Viking accuses Chinese biotech of 'ruse' to raid trade secrets and make off with NASH cache

Viking Therapeutics thinks it has rumbled a raid on its nonalcoholic steatohepatitis (NASH) trade secrets. In a lawsuit, the San Diego-based biotech has accused China’s Ascletis BioScience of using information shared under a confidentiality agreement to turbocharge its expansion into the NASH development race. 

In the lawsuit (PDF), Viking sets out a story that begins with a request by Ascletis to meet at the 2016 BIO International Convention to discuss a potential business opportunity related to thyroid hormone receptor-beta (TR-beta) agonist VK2809. Viking said it shared information under a confidential disclosure agreement (CDA). Three years later, Viking set up a new CDA after being approached by Ascletis for the second time. In Viking’s telling of events, Ascletis made the second request in bad faith.

“Viking later discovered that the potential business collaboration that Ascletis Bioscience proposed was actually a ruse to steal Viking’s VK2809 trade secrets, circumvent years of research and development, and release its own drug product to compete with Viking’s VK2809,” the U.S. biotech wrote in its lawsuit.

According to Viking, people including Ascletis CEO Jinzi Jason Wu viewed materials shared under the 2019 CDA for more than one month before the Chinese biotech “suddenly reversed course, claiming that it did not want a business collaboration with Viking.” Around five months after the U-turn, Wu founded Gannex Pharma, the lawsuit states, and six months after that the new startup began filing patent applications. In Viking’s view, the patent filings made in early 2020 “improperly contained” certain VK2809 trade secrets.

Ascletis ran a clinical trial of NASH candidate ASC41 shortly before setting up Gannex, according to the lawsuit. And Gannex, a wholly owned subsidiary of Ascletis, then went on to run multiple studies of the drug candidate, including a pair of 180-subject phase 2 trials that are scheduled to wrap up in 2024. Viking is suspicious of the pace of progress of ASC41. 

“ASC41 was unlawfully derived from Viking trade secrets,” the lawsuit states. “Defendants could not have so quickly advanced their development, testing and commercialization efforts without breaching the CDAs and improperly and intentionally misusing Viking Trade Secrets to Viking’s detriment.”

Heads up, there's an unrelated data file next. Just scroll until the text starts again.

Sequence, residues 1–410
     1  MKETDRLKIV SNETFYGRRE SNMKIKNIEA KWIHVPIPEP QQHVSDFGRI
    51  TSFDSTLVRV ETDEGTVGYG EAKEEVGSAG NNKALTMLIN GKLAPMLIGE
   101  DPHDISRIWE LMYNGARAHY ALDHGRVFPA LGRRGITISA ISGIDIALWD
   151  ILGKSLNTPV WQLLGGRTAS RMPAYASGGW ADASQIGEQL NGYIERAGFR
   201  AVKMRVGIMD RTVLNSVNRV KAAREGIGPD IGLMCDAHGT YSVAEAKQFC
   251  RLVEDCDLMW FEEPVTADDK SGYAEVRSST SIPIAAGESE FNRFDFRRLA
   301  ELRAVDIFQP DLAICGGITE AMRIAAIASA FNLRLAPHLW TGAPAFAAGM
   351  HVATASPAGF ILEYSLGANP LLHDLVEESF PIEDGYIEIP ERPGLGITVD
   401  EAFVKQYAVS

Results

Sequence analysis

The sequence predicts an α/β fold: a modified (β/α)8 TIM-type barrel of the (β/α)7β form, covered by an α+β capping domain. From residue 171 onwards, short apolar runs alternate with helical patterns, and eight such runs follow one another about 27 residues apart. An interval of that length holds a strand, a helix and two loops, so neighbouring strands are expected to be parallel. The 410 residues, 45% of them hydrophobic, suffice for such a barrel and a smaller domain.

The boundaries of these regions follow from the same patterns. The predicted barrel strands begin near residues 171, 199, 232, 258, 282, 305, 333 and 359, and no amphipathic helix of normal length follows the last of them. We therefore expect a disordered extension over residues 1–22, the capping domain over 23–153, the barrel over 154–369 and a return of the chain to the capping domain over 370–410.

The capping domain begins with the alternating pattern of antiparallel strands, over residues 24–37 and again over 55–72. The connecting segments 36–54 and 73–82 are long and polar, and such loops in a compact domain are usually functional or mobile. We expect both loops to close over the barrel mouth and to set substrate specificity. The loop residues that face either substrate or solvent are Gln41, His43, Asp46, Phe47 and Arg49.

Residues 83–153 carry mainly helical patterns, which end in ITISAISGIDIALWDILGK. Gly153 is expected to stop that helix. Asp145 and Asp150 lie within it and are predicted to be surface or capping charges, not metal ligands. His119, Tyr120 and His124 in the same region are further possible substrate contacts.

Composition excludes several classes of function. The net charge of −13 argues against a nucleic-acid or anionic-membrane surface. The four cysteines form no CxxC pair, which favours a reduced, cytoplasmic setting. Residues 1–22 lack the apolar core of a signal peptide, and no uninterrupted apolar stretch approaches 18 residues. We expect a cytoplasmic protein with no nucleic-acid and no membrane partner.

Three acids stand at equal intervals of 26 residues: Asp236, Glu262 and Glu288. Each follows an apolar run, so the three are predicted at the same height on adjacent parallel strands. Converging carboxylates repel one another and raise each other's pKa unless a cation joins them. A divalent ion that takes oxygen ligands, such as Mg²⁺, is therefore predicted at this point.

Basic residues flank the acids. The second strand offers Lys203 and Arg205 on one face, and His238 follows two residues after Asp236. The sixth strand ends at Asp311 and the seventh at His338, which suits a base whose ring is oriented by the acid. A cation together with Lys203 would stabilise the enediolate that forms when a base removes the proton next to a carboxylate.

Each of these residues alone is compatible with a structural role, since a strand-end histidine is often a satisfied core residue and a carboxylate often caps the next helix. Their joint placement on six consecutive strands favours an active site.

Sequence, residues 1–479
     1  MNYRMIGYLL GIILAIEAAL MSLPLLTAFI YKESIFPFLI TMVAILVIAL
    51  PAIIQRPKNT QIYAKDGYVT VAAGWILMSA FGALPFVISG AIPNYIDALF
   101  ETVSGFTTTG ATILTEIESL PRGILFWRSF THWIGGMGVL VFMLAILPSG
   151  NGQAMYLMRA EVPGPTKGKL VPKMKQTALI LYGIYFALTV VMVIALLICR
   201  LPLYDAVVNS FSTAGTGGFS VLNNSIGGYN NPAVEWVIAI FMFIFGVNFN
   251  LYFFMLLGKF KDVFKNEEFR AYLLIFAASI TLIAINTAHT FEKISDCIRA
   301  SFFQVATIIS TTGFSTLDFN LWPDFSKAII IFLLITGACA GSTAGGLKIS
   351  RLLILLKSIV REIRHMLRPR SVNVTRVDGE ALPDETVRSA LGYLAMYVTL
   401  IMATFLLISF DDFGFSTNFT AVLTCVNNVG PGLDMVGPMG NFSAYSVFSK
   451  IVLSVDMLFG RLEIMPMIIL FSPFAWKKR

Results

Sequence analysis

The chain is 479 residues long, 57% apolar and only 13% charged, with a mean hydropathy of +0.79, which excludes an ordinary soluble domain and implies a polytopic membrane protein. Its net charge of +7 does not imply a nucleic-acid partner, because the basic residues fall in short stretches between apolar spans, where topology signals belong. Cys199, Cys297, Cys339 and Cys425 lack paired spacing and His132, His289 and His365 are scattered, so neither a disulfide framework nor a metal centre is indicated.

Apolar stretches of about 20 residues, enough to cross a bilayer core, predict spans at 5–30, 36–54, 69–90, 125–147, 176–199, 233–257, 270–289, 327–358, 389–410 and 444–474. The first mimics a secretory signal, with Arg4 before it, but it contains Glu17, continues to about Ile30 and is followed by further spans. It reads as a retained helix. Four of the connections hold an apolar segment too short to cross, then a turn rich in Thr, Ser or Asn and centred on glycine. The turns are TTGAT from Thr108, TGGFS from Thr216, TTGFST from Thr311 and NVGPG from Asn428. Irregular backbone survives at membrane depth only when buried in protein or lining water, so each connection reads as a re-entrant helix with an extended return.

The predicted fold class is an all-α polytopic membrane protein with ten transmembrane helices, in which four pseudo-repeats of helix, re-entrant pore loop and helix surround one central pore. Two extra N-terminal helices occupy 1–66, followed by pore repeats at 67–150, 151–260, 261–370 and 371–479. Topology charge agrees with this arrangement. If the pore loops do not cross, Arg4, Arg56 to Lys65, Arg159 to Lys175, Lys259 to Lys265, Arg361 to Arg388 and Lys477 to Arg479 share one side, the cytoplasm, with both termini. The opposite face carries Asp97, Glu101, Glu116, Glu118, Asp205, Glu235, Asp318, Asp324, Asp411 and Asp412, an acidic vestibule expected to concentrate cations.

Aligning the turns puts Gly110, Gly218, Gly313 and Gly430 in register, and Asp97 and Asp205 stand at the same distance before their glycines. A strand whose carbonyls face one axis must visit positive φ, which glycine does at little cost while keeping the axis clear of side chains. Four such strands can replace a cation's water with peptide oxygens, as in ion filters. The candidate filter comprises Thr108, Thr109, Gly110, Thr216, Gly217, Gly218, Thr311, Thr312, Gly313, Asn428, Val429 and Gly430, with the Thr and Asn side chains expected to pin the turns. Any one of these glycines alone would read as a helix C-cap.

Ascletis’ own materials describe ASC41 as a small-molecule prodrug that is selectively cleaved in the liver by CYP3A4 to form a pharmacologically active TR-beta agonist metabolite. Viking describes VK2809 as a liver-targeted small-molecule prodrug of a potent, selective TR-beta agonist. VK2809 is activated in the liver by CYP3A4.

Based on the similarities between the descriptions of the drug candidates, Viking inferred “that ASC41 is Ascletis’ version of—if not the same compound as—VK2809.” Ascletis sees things very differently, as its parent company Ascletis Pharma set out in a statement (PDF) published in response to Viking’s lawsuit. 

“From the publicly available allegations of Viking set out in the complaints, the company believes that such allegations have no merit and will vigorously defend against the complaints. ASC41 is an in-house developed oral tablet using the company’s own technologies and targeting [TR-beta] for the treatment of non-alcoholic steatohepatitis,” Ascletis wrote.

Viking has requested a trial by jury and issued a list of demands as part of the lawsuit. The list includes “actual damages in an amount to be proven at trial” and “restitution, actual loss, unjust enrichment, and disgorgement of profits,” or, alternatively, “a reasonable royalty.”